WSCC have already been brought to task by FoE for not requiring an EIA in 2010. The application WAS very definitely for fracking then (and as I say, nothing has changed now). FoE said they did not see how WSCC could have lawfully arrived at the decision that an EIA was not necessary.
Now we have reports from Balcombe that Cuadrilla have been delivering silica to their site. Our information is that this was amorphous silica (which can be a synonym of silicon dioxide sand). On the assumption this is silica sand, there is only one use which we can see for this. As a proppant to keep open the fractures that have been accessed by the acid stimulation, or as they call it, cleaning or washing.
Are Cuadrilla attempting to hoodwink DECC, the EA and WSCC? Are they fracking?
I leave you to decide. In the recently isued government guidance hydraulic fracturing was defined this way (my bold and italics):
"Hydraulic fracturing is the process of opening and/or extending existing narrow fractures or creating new ones (fractures are typically hairline in width) in gas or oil- bearing rock, which allows gas or oil to flow into wellbores to be captured."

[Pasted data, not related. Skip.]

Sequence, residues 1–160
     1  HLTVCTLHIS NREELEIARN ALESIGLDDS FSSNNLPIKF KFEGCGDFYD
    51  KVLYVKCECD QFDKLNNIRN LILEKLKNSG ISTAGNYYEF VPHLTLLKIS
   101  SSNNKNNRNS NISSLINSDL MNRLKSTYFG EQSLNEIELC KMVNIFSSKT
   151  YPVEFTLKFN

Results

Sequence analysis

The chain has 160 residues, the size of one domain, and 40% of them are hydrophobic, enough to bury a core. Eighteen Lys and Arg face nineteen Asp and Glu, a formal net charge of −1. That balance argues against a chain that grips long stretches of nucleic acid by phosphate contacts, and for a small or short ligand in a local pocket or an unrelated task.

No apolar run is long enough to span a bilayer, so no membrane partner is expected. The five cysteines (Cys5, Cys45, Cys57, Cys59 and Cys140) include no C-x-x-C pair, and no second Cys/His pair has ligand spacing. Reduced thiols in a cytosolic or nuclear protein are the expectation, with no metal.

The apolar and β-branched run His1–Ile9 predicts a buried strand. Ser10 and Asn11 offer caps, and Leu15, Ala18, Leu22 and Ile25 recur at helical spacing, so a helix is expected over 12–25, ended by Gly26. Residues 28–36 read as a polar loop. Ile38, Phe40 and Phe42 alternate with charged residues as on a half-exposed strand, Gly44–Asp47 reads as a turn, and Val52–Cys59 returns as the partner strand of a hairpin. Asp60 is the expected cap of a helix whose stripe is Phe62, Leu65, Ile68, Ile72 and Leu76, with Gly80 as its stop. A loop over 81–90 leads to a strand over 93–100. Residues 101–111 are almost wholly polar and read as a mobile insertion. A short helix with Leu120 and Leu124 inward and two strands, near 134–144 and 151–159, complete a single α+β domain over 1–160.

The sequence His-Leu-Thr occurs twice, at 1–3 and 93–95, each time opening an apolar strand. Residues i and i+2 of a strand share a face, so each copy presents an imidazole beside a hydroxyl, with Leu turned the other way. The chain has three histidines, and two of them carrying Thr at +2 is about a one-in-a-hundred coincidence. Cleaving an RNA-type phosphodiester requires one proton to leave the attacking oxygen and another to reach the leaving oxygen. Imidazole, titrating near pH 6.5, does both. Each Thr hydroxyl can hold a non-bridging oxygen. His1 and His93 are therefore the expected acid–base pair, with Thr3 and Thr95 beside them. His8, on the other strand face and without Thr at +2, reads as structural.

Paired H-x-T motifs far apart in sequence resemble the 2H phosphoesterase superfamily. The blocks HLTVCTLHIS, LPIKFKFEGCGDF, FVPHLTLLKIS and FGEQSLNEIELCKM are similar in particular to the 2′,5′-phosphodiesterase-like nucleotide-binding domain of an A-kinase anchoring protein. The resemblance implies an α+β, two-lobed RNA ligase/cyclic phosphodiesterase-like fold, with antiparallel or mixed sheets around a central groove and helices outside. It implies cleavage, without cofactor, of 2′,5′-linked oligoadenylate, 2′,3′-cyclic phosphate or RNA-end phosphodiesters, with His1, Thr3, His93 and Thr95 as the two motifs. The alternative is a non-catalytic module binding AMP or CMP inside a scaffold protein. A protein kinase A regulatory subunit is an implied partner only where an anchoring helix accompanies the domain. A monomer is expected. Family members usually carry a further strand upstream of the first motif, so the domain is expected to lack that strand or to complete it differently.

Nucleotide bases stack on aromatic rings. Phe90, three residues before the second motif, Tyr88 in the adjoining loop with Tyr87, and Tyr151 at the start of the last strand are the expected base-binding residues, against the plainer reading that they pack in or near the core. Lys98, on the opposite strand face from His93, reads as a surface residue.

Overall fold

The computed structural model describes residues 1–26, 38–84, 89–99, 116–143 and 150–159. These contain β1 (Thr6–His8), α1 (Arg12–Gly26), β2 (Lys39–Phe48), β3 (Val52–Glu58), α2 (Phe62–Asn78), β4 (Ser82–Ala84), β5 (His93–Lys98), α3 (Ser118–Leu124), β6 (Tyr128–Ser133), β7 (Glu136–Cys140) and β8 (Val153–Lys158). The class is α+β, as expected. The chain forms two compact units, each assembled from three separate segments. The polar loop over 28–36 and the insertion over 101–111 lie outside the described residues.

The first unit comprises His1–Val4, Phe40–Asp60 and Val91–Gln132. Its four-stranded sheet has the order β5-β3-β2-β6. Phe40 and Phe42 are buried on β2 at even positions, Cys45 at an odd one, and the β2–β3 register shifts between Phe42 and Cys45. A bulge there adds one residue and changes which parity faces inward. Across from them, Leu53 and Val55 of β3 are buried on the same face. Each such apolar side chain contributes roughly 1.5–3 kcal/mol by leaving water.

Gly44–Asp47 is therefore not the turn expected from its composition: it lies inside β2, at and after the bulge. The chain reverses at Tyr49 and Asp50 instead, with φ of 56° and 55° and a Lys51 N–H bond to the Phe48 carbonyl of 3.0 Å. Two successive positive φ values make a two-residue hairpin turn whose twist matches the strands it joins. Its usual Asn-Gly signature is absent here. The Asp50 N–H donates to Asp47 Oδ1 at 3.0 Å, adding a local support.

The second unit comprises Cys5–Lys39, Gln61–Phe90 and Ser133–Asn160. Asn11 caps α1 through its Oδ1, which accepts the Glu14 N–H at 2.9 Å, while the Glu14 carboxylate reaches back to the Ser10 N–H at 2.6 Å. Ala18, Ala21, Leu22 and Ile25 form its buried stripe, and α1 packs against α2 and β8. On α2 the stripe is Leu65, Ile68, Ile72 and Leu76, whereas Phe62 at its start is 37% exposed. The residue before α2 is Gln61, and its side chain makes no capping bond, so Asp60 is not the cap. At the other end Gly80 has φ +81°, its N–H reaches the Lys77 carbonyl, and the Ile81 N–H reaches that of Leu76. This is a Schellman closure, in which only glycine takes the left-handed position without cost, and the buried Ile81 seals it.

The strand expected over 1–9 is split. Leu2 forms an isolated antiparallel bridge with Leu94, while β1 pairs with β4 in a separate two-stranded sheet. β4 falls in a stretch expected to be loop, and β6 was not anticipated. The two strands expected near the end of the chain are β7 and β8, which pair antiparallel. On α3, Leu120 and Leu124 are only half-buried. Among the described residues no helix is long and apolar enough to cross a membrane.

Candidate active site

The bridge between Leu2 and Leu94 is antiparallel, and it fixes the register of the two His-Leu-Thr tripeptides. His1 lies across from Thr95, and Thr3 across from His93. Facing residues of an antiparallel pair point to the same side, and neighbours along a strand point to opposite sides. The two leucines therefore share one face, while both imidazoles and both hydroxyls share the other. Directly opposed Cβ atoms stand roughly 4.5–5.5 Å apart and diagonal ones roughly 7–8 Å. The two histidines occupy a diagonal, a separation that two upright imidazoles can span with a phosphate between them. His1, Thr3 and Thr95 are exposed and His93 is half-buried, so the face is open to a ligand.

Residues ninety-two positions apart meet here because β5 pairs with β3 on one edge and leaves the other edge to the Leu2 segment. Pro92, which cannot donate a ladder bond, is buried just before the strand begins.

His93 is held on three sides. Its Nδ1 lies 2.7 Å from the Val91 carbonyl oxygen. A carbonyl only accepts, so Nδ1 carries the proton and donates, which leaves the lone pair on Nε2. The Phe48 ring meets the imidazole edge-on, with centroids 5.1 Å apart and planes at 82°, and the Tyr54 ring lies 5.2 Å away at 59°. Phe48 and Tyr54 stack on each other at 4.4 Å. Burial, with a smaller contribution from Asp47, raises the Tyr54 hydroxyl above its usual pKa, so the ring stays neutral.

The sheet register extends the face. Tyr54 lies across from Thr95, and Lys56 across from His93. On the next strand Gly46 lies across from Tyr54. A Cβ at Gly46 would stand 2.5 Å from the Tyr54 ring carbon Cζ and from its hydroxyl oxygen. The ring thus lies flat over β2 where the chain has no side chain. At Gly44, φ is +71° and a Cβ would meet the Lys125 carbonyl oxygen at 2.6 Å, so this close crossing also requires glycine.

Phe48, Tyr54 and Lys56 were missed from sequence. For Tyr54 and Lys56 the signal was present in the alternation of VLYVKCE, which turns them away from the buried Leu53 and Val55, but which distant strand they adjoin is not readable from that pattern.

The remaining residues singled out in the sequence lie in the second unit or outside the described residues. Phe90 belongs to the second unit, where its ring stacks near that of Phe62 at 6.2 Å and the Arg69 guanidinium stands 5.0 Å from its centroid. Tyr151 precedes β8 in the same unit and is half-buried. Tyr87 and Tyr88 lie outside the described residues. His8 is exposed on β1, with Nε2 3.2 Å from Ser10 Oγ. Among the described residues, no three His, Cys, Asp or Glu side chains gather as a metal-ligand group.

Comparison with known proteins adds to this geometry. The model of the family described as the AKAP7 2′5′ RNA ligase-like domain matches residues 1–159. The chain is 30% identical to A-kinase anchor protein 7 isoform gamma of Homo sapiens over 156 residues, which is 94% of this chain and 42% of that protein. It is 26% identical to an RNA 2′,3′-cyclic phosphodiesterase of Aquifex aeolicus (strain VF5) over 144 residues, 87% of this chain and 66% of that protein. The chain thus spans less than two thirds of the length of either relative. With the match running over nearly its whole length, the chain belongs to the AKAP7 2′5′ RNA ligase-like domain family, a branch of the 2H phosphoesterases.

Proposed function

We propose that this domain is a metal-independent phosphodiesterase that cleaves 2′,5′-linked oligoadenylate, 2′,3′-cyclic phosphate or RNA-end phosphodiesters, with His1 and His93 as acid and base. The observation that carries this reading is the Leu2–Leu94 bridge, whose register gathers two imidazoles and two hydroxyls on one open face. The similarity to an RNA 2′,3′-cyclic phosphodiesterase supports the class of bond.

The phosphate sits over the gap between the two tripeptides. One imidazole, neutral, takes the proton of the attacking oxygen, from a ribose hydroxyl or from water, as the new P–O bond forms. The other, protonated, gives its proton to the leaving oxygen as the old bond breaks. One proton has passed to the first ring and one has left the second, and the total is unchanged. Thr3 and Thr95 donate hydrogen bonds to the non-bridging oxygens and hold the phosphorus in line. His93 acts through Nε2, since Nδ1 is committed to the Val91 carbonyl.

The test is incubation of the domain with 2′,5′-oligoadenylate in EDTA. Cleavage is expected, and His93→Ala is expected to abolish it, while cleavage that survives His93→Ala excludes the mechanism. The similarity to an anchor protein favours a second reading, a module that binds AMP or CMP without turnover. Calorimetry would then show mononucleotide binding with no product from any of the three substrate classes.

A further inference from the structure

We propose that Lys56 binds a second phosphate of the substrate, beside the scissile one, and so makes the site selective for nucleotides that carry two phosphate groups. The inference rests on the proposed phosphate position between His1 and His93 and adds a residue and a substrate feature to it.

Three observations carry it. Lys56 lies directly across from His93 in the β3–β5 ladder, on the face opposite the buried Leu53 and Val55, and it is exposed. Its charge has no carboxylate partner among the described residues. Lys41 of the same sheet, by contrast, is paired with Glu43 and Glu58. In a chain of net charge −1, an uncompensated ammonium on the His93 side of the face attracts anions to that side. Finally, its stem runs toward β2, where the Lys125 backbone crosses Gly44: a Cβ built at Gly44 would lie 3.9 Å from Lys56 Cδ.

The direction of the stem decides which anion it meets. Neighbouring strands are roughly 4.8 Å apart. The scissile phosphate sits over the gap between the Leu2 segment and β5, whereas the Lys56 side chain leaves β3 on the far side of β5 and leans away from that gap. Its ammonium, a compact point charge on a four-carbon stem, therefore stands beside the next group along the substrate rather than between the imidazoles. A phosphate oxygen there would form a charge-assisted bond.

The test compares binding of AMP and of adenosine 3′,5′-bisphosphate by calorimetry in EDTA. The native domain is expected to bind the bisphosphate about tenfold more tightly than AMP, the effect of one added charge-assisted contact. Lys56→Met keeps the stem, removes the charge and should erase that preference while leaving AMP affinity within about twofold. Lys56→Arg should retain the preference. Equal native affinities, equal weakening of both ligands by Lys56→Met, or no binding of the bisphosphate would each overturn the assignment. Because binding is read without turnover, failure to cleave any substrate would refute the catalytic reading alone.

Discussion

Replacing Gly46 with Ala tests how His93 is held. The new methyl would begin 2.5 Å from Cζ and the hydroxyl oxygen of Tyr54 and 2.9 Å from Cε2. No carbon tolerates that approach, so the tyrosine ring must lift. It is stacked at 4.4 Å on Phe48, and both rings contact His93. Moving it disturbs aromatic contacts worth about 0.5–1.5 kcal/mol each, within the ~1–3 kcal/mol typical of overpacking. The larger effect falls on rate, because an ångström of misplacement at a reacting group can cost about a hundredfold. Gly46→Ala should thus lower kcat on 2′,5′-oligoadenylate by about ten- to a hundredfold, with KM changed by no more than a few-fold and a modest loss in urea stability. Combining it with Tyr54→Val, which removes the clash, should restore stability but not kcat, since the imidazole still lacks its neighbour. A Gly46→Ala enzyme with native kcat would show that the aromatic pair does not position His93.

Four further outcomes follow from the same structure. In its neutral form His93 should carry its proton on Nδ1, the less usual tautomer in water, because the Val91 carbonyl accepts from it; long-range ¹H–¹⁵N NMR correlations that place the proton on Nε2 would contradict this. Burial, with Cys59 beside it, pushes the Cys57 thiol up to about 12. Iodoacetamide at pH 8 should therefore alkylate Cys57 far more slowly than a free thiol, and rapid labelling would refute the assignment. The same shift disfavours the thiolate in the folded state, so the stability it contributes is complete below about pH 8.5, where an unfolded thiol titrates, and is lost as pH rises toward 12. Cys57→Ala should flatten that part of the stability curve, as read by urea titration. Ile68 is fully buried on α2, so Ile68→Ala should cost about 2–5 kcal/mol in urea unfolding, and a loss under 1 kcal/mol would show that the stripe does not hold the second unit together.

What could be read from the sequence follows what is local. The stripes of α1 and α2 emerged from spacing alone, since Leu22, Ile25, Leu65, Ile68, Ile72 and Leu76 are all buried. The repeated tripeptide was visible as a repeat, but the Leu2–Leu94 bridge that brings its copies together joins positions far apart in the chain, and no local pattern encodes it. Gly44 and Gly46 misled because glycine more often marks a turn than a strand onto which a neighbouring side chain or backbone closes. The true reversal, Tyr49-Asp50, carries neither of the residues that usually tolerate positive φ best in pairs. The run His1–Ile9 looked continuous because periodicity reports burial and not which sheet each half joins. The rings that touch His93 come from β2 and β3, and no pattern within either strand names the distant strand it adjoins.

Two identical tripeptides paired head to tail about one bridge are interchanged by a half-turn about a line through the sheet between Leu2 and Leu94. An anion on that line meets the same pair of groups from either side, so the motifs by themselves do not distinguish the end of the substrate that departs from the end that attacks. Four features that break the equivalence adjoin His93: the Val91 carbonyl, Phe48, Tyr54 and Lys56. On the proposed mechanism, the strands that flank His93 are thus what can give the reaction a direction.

Significantly, the Environment Agency told me in an email "we are comfortable with the definition of hydraulic fracturing given in the planning guidance notes."
Why might Cuadrilla not want to have their exploration seen as fracking? A number of reasons spring to mind why they should be tempted. Firstly, to ensure getting planning and permits, secondly to lessen public concern, thirdly to avoid paying £100,000 for an exploratory well under the government's new bribery plans. Plus the inexperience of the planning authority and the regulatory bodies.
In Banks, Lancashire they have attempted to say that further exploration testing is not fracking.
They say they will use DFIT (Diagnostic Fracture Injection Test). This is a pre-frack procedure, and it seems to me the whole point is to get to and measure the point at which fractures are initiated in the rock. One of DFIT's industry nicknames is a mini-frac. Yet again Cuadrilla say they are not fracing. As I say, you make your own mind up, but I know which direction my own thoughts are pointing. Cuadrilla's tests are fracking.